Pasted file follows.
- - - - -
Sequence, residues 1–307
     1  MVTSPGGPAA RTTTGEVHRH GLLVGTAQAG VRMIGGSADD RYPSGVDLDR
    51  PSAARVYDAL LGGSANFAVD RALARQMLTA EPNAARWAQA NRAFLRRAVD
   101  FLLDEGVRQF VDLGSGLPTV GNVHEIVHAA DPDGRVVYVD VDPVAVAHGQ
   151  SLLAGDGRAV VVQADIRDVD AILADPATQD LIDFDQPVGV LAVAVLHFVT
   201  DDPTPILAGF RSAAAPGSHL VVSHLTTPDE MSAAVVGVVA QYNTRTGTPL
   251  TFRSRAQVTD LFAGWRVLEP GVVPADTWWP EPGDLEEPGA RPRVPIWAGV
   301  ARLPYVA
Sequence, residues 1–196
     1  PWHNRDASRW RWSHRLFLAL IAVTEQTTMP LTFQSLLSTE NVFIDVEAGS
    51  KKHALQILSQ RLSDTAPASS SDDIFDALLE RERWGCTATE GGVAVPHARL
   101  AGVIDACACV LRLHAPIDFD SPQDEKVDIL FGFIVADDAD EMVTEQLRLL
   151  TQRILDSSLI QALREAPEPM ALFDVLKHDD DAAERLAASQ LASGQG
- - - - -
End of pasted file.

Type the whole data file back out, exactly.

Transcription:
Sequence, residues 1–307
     1  MVTSPGGPAA RTTTGEVHRH GLLVGTAQAG VRMIGGSADD RYPSGVDLDR
    51  PSAARVYDAL LGGSANFAVD RALARQMLTA EPNAARWAQA NRAFLRRAVD
   101  FLLDEGVRQF VDLGSGLPTV GNVHEIVHAA DPDGRVVYVD VDPVAVAHGQ
   151  SLLAGDGRAV VVQADIRDVD AILADPATQD LIDFDQPVGV LAVAVLHFVT
   201  DDPTPILAGF RSAAAPGSHL VVSHLTTPDE MSAAVVGVVA QYNTRTGTPL
   251  TFRSRAQVTD LFAGWRVLEP GVVPADTWWP EPGDLEEPGA RPRVPIWAGV
   301  ARLPYVA
Sequence, residues 1–196
     1  PWHNRDASRW RWSHRLFLAL IAVTEQTTMP LTFQSLLSTE NVFIDVEAGS
    51  KKHALQILSQ RLSDTAPASS SDDIFDALLE RERWGCTATE GGVAVPHARL
   101  AGVIDACACV LRLHAPIDFD SPQDEKVDIL FGFIVADDAD EMVTEQLRLL
   151  TQRILDSSLI QALREAPEPM ALFDVLKHDD DAAERLAASQ LASGQG